On November 10, a denitrifying bioreactor was installed in the Squaw Creek Watershed. This practice is put into place to intercept the field tile line in order to run the water through a pit of woodchips. The woodchips act as a carbon source for denitrifying bacteria, which convert the nitrate in the water to N2 gas.
The landowners, two Boone County residents, approached Prairie Rivers of Iowa in 2016 with interest in doing their part to protect water quality in the Squaw Creek Watershed and the larger South Skunk River Watershed. We utilized cost-share through the Iowa Department of Agriculture and Land Stewardship (designated for our Squaw Creek Watershed project), as well as cost-share through the local Natural Resource Conservation Service (NRCS) office to help offset the financial investment the landowners made.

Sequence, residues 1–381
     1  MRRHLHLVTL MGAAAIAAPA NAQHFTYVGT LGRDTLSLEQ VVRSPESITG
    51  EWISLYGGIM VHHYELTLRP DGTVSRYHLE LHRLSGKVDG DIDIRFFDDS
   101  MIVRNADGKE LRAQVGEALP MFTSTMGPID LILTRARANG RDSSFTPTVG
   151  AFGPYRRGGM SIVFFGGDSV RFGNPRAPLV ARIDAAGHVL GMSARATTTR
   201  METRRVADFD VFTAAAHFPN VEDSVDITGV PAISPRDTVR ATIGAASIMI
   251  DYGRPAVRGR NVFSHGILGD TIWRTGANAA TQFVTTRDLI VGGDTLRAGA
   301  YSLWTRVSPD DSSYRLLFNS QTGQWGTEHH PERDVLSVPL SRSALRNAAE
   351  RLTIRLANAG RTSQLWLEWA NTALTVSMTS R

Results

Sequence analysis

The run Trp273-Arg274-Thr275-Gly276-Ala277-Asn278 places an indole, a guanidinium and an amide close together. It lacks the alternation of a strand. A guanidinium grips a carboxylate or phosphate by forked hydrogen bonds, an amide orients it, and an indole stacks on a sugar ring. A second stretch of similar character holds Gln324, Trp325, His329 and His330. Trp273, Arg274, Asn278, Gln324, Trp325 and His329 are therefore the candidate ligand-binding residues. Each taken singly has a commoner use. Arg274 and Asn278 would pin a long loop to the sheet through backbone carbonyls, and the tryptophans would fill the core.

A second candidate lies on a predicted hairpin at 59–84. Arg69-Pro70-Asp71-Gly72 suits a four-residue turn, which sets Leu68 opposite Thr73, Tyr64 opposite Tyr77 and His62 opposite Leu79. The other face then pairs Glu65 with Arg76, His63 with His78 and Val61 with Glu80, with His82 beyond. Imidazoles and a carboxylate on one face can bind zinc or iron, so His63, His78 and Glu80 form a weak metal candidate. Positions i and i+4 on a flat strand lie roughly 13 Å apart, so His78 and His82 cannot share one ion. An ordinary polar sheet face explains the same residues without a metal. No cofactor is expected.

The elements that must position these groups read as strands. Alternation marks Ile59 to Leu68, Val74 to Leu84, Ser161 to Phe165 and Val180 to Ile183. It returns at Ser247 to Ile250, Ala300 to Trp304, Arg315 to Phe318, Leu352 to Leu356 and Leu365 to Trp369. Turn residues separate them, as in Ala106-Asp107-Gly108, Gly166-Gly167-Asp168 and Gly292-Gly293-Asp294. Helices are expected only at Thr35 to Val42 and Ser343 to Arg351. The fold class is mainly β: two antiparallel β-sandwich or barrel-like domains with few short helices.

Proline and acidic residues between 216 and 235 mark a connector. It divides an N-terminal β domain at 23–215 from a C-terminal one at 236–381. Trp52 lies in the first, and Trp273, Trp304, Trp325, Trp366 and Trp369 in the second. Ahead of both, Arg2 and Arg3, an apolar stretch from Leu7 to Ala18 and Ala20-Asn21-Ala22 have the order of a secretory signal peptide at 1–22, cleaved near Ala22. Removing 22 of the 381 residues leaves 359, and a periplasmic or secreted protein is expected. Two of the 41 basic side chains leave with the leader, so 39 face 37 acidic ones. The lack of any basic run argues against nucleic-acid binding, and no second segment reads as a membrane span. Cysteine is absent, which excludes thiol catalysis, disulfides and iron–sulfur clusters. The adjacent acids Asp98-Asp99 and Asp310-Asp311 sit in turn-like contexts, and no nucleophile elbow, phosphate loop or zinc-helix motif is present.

The denitrifying bioreactor was designed by ISG Engineering out of Storm Lake, IA. The consultant on the project was Central Iowa Dirt and Demo out of Kamrar, IA. Both partners provided the technical information and guidelines to make the project a success on the day of installation. The installation took just over 2 days from the pre-construction meeting all the way through the seeding of cool season grasses on finished biroeactor. On November 10, what felt like the coldest day of the year, we held a demonstration day and invited the public and media sources to view the installation.
Prairie Rivers of Iowa has spent the past three years building partnerships, creating an outreach campaign, and working with farmers and landowners in the Squaw Creek Watershed on conservation practices – to build soil health and improve water quality for all. Conservation practices like this one are crucial in our effort to protect the water quality in the Squaw Creek Watershed and other watersheds in the South Skunk Watershed. Without willing landowners and tenants, we will not be able to reach our goals for nitrate and phosphorus reduction in the watershed.